When: September 10, 2015 - July 22, 2015
From: 05:30 PM - 07:30 PM
Speaker: James Clad
This event was previously postponed. This is the newly scheduled date for this lecture. If you purchased a ticket for the original date, you have been issued a refund and you will need to purchase a new ticket for this revised date.
Location: Tipton Hall, SF University of Art and Design, 1600 St. Michael’s Drive
Cost: $15 CIR Members/ $20 Non-members & Guests
CIR presents James Clad, senior adviser to the Center for Naval Analyses and former deputy assistant secretary of defense. Mr. Clad will discuss how recent energy trends have upset the world oil market and transformed the geopolitical landscape.
Asian energy demand is surging, Russian natural gas sales are falling following EU sanctions and a dramatic increase in oil production in North America has sparked a rivalry with OPEC that has brought global prices to a five-year low. This flurry of activity has upended traditional trade patterns and threatened energy security for many nations around the world. While market volatility has brought short-term benefits to the manufacturing and transportation industries, many analysts believe sustained instability could result in a global recession.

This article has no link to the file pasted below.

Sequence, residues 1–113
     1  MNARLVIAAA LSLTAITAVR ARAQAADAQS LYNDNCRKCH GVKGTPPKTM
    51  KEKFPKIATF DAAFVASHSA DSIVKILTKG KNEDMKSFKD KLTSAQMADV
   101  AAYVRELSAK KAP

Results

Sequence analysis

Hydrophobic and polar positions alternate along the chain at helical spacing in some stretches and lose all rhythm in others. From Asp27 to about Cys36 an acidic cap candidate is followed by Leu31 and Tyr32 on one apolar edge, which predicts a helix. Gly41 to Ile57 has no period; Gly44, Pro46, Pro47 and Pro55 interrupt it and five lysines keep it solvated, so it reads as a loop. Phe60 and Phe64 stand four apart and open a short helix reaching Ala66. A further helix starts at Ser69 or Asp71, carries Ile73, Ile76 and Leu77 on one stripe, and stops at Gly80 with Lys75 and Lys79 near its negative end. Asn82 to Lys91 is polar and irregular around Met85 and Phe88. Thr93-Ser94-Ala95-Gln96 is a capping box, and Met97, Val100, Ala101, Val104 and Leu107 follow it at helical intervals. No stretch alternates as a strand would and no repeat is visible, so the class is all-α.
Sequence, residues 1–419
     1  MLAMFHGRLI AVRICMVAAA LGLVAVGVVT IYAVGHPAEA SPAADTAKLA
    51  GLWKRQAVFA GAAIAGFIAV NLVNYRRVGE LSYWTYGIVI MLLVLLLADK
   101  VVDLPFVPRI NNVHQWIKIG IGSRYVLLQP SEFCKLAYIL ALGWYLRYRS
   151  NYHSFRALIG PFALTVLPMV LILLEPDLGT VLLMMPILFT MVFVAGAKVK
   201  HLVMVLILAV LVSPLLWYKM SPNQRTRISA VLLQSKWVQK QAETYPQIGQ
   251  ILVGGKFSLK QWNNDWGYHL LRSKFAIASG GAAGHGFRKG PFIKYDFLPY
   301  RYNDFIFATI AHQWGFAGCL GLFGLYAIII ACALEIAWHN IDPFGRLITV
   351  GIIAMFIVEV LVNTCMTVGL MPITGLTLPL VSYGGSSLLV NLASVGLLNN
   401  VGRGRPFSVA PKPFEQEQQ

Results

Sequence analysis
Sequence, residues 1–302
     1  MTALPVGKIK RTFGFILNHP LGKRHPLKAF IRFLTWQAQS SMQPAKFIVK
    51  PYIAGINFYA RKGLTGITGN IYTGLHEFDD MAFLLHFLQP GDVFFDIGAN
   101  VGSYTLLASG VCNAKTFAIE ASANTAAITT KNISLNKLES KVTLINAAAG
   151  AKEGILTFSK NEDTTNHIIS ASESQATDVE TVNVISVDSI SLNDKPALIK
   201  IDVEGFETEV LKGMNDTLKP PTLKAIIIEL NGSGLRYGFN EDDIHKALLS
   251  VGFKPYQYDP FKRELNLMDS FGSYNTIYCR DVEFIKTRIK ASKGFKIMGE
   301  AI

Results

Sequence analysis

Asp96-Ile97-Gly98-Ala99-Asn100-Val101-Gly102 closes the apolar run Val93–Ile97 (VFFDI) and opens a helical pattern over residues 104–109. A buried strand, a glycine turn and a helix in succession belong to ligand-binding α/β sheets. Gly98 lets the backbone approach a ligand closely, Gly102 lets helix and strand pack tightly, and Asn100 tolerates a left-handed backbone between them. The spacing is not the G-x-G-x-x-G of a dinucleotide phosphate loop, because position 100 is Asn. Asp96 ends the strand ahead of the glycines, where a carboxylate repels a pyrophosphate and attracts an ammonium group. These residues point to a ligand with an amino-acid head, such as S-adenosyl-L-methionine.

Mr. Clad will discuss the trends that led to the current global energy landscape, how America’s security has been impacted and how these uncertainties are likely to be resolved in the coming months and years.
Mr. Clad regularly consults for energy, investment and strategic advisory firms. During 2002-10, he served as U.S. deputy assistant secretary of defense for Asia, and as senior counselor at the Overseas Private Investment Corporation and the Agency for International Development. From 1995-2002 he held a Georgetown University Luce foundation professorship and was, concurrently, Director/Asia-Pacific Energy at CERA.
Trained as a New Zealand lawyer, his career has focused on Asian commercial and security affairs broadening after 2002 to include the Middle East. In the 1980s-90s, he wrote for the Far Eastern Economic Review, and had fellowships from St. Antony’s College, Oxford, from the Carnegie Endowment, and from Harvard’s Center for International Affairs. He also served in the New Zealand diplomatic service.
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